DAS-RCS for Smooth EAS Transitions
     

EVANSVILLE, Ind. — For many years radio stations simply used an EAS box to put out EAS messaging. A severe weather warning or test message would come in, the box would take control of the broadcast and play out the message, and then the station would resume its regular broadcast.

The alert or test often cut off songs or cut into commercials, and the result was, at best, a clunky broadcast that might disrupt the listener experience. At worst, however, this abrupt interruption of spot blocks and paid messages could be alarming, even when the EAS message itself was not.

Now the integration of that EAS box — the DASDEC from Digital Alert Systems — with RCS NexGen Digital radio automation software is allowing stations such as ours to maintain broadcasts with a much more natural flow, even when there is a need to play out EAS messages.

Timely intervention

We have deployed DASDEC systems with Digital Alert Systems’ MultiStation-2 and MultiStation-5 software in Evansville, Ind., and MultiStation-2 in Owensboro, Ky., to facilitate multiple station operation and redundancy in each market. These software systems respectively enable one DASDEC unit to provide complete EAS coverage for our collocated stations.

The RCS-DAS interface we’ve implemented communicates EAS information between the NexGen Digital automation and the appropriate DASDEC box over our IP network using Digital Alert Systems’ EAS-Net communications protocol. When the DASDEC receives an EAS alert, it passes that information to the RCS system, which in turn examines the active playlist, finds the next logical break and seamlessly inserts the EAS event audio between preexisting elements.

The listener hears a playlist item come to its natural end, hears the alert and then hears either resumption of programming or, when necessary, a weather or news report providing more detail about the alert. Additionally, each station has its own Net-Alert Interface so only alerts designated for that station are sent to its NexGen computer.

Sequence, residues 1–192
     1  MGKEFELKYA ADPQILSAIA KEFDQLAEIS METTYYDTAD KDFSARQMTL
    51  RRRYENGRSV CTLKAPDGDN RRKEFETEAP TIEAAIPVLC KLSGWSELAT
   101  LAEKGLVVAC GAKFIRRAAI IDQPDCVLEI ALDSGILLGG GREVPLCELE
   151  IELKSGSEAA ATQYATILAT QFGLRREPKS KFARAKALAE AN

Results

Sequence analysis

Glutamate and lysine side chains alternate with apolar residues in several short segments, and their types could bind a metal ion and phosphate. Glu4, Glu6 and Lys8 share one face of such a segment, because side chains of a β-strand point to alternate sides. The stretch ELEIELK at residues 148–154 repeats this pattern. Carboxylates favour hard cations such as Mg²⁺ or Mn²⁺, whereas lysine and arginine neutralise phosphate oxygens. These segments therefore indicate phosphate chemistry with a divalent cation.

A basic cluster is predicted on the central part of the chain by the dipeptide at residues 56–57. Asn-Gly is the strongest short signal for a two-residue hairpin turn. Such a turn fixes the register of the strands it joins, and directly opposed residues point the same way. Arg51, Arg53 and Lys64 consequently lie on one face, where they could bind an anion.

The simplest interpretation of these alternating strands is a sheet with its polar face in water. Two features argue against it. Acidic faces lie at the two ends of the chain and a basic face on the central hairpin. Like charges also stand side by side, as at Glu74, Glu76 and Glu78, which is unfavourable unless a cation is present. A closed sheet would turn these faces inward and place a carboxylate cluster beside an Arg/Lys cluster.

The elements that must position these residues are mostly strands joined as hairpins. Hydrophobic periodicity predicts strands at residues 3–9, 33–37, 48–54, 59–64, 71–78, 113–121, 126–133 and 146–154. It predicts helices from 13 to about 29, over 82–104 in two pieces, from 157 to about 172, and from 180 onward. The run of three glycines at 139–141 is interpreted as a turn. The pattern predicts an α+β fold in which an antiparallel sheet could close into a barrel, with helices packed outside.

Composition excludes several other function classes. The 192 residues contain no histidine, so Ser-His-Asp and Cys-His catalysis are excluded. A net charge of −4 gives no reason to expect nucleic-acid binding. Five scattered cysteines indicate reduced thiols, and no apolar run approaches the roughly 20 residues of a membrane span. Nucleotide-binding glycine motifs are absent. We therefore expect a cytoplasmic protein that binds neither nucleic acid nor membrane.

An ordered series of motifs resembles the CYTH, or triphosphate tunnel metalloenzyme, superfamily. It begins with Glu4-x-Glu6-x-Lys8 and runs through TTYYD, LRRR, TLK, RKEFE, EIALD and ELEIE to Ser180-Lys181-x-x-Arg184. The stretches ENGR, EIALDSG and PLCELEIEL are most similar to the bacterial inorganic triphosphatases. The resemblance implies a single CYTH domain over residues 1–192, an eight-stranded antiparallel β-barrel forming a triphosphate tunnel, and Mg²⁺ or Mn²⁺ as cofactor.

When the DASDEC system receives an alert for insertion into the broadcast, it triggers a mode in RCS so that in addition to dropping an audio file into the playlist, it also gives our jocks a visual cue that there will be an EAS alert. Because this cue includes the alert text, they know right away if it is a test or if, for example, it’s a storm warning for particular counties. Our jocks quickly get all the information they need to decide when and how to play out the alert.

In the case of a tornado, they would go ahead and play the alert immediately, following up with further information. If it’s a test, they likely would just air it going into or out of a spot block.

After NexGen has played the alert it sends a message back to the DASDEC that the alert has played. If for some reason NexGen does not play the alert, the DASDEC will interrupt the air chain and forward the alert.

Before we implemented this system across our seven radio stations in Southern Indiana and Northern Kentucky, it was nearly impossible for our afternoon jocks to maintain an engaging dialog when severe weather came through the area. Now the combination of our DASDEC box and RCS software gives our jocks better and easier control over when and how alerts play. As a result, our stations can provide programming that listeners want to hear, as well as the community service of timely emergency alerts without being a nuisance.

While better control over alert playout is a benefit to all our stations, it has been particularly valuable to our two Local Primary stations, WBKR(FM) and WKDQ(FM). As designated local primaries, we must carry more EAS alerts on these stations, often as many as six to eight per hour when the weather is bad. With the DASDEC interface our jocks can work those alerts into our programming easily, making for a better listener experience.

I’ve been waiting for the integration of our EAS system with our automation software for a long time, and the solution offered by DAS is the first that really works.

For information, contact Bill Robertson at Digital Alert Systems in New York at (585) 765-1155 ext. 121 or visit www.digitalalertsystems.com.


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